Created by Wren McDonald
120 pages – Black and White and Purple
243mm x 170mm – Softback – £14.99
Published by NoBrow Press
The Story: “SP4RX is the story of mankind clawing for survival. Set in a future where a class system has emerged, the world is divided into four levels, with the elite ruling from the extravagant top-level.
“SP4RX, a young hacker who lives off grid, hacks into corporations and sells stolen data to wealthy buyers on the black market – just your average thief. Mega corporation Structus Industries introduces a welfare programme called the “Elpis Program”, which allows the working class to apply for Cybernetic implants to make workers more efficient. On the surface, it seems like a programme to empower the poor and allow them to rise to the ranks of the elite. But SP4RX soon discovers all is not as it seems… SP4RX and Structus are set on a collision course with the fate of humanity at stake in Wren McDonald’s latest sci-fi tale of survival and corruption!”
The Review: Of all of NoBrow’s recent releases, this is the hardest one to pin down. SP4RX is part cynical heist movie, part violent sci-fi horror comic and, partly, a big old wink at the reader. It is a book with sharp cornered layers. As you unpeel them, you might prick your finger on the sharply delivered humour. It is also a rattling rollercoaster of a read from page 1 onwards.
I missed Wren’s previous NoBrow offering of Cyber Realm (a NoBrow 17 x 23 release) but will now be heading back to grab a copy. His art style has an underground comix feel to its line work but also manages to fit in Geoff Darrow level detail and artistic noodling in some really impressive street scenes and beyond. Wren draws all the people and all the buildings and all the robots and ….. well, I’m sure you get what I’m saying. He never seems to cut corners and shows both the small quirky moments as well as the big open splash pages with panache and individuality. His faces have a lack of definition, yet still manage to express feelings (mostly anger) through a few simple lines.
The book is in black and white and purple on most pages, except for when Wren’s characters delve into a form of Virtual Reality in their web style systems. When this happens, the artist reverses the art into negative style space – and it’s impressively done. Wren loves to create a setting, this future world is crafted from top to bottom with weird robots, transformed humans and punk attitude.
The character designs are huge fun and a couple of favourites of mine include Enoch Hirz, the head of the rebel organisation W.R.A.I.T.H. (Weaponized Resistance Against Inequitable use of Technology against Humankind – and you thought S.H.I.E.L.D. was a complicated acronym?). He looks like he has a cut out metal sailor’s beard and is also sporting a clear plastic dome where his scalp used to be, so you can see the contours of his brain. He’s also angry all the time and fixated on fighting the system.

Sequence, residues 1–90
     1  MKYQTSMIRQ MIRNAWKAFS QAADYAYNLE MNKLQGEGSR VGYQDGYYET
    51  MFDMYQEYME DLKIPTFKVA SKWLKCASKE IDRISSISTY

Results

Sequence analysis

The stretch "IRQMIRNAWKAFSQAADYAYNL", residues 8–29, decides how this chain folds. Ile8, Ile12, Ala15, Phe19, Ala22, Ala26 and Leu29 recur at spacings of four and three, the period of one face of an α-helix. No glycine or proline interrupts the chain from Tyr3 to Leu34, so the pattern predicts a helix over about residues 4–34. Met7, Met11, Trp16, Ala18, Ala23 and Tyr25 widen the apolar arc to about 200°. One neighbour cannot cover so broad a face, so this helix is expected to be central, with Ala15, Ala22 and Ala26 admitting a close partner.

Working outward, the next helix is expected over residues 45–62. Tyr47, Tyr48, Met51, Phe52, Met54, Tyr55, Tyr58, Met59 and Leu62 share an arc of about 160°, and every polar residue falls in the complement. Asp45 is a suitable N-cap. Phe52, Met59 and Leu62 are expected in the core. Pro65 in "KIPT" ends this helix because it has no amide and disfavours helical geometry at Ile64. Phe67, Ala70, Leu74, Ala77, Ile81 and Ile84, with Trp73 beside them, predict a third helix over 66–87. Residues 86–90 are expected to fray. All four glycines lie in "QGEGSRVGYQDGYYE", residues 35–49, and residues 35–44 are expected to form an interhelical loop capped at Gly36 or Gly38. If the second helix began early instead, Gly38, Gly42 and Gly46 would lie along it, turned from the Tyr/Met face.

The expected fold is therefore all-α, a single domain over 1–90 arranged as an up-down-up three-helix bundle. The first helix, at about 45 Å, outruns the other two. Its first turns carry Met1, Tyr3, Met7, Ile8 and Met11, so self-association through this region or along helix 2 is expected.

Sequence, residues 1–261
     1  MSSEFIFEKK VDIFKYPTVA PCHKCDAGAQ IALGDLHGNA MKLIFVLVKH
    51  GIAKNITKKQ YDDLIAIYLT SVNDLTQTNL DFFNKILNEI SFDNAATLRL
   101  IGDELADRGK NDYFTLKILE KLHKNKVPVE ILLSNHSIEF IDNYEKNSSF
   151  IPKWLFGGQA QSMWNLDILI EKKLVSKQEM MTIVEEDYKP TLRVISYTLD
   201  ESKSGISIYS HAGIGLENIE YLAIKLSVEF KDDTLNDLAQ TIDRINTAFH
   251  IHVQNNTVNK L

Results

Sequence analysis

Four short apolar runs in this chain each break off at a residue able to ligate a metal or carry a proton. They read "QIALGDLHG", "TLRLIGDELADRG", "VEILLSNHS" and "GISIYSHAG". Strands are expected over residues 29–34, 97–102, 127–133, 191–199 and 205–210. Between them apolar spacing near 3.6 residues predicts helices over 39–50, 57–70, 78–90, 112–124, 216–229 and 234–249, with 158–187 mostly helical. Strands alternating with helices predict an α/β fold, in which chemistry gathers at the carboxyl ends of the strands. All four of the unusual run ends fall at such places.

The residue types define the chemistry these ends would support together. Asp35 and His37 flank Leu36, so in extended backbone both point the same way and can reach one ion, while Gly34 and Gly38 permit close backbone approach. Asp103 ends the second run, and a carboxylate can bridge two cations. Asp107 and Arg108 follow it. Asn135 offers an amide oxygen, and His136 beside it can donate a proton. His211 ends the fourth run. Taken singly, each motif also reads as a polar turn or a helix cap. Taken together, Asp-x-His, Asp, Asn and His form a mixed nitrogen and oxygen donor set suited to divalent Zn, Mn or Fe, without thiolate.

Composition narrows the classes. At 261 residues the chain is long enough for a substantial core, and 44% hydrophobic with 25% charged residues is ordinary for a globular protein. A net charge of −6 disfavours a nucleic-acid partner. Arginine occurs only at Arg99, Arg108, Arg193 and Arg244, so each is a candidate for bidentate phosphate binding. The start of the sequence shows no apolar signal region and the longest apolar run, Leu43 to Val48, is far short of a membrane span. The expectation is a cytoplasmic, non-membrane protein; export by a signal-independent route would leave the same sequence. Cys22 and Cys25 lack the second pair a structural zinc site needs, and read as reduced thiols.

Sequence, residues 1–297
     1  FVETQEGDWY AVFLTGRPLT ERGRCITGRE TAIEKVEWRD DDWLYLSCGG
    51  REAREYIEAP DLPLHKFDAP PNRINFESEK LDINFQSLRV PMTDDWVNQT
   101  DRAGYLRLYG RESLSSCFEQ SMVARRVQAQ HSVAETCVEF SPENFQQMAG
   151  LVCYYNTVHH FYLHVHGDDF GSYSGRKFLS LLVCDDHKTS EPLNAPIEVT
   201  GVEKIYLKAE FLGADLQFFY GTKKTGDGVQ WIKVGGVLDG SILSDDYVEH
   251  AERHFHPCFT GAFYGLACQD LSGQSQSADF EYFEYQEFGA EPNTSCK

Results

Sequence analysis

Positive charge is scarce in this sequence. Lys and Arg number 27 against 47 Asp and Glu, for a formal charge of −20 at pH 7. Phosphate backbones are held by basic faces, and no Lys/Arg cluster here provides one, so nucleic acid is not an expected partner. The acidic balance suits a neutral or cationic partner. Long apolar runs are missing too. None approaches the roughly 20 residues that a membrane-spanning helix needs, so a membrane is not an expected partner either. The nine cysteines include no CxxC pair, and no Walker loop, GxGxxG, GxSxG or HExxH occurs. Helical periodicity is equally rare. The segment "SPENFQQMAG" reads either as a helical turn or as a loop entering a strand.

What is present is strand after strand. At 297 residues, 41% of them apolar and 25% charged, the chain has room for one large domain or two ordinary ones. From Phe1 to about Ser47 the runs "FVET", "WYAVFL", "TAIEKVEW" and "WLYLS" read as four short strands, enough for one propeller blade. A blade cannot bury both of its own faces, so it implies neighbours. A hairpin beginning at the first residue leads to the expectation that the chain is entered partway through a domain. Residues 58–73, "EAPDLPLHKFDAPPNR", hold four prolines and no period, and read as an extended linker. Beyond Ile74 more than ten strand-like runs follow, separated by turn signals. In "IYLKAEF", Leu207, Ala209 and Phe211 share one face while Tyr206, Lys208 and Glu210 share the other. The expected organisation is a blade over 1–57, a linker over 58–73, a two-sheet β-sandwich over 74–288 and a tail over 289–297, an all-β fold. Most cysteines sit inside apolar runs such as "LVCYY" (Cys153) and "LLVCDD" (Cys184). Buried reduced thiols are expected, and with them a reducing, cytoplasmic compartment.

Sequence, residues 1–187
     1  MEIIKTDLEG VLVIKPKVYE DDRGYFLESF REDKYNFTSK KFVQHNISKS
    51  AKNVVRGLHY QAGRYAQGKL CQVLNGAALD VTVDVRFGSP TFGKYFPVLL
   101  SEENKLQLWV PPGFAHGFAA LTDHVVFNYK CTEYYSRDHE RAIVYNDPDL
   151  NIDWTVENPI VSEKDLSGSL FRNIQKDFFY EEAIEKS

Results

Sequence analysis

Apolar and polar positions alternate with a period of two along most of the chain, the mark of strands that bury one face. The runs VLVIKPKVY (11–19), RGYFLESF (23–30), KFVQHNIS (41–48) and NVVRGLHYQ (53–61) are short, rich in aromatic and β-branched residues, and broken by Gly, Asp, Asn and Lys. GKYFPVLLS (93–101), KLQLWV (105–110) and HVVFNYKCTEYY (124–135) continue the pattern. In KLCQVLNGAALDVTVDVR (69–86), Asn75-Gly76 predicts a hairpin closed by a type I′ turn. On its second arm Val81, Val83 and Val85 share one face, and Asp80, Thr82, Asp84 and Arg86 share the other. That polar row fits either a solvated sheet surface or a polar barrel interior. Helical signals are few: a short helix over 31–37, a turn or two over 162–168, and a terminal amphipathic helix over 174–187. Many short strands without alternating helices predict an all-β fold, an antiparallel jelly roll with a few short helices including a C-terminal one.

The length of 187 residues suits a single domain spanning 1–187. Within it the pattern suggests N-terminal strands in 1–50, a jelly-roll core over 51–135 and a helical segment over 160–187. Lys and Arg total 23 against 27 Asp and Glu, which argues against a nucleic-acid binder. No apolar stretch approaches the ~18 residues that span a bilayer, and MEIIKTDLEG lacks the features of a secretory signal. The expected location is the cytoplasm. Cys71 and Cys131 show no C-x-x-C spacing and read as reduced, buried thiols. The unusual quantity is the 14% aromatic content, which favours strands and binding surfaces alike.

For this reader, one of the scene stealers was the robot scamp known as OBD-0.3. Initially found by SP4RX as just a robot head, he’s designed to scavenge and steal technology as he scoots about. A perfect analogue for the titular character himself. He becomes attached to SP4RX through an empathy chip and appears at opportune moments to save his bacon.
We also see some crafty winks in and around this cyber type genre. We get a little bit of consumerism gone mad, a la Do Androids Dream of Electric Sheep from Philip K. Dick – very so often, Wren throws in a random one page advert for cybernetic enhancements or mood levellers. The 1984 parallels are painfully turned up in a setting that could only be imagined by the brutal steam roller of World Wide Web commercialism we see in this day and age. We also get a big old Akira nod as SP4RX finds a parked futuristic motorcycle and rides off on it – you can almost hear Tetsuo shouting “Oi, that’s my bike!“ after him.
The book isn’t without its serious side. In fact, one particular shoot out has Punisher level violence and death as SP4RX goes off on a firearms rampage – but it’s an irreverent story of redemption as well. The title character goes from selfish money-grabbing thief, prepared to ignore the world burning around him to actually stepping up and doing the right things, the responsible thing. It is also about the dangers of thoughtless conforming, the hive mentality where everyone agrees but fights each other to agree the most. Wearing badges and being part of the herd that punishes anyone who is different. (See what I said about layers?)
This is a book that has action, humour, politics and gritty science fiction a plenty. It is packed full of some excellent art and has a real edge to its storytelling. Wren McDonald is definitely someone I will be looking out for in the future.
• I got the pleasure of chatting to Emma from NoBrow recently at their excellent ELCAF weekend event and they have some really interesting products coming out in the upcoming months. Head over to their website here and see what they have got cooking. You can also follow them on Twitter @Nobrowpress
Many thanks for reading.
Antony Esmond is a comic reviewer and writer – his hips don’t lie.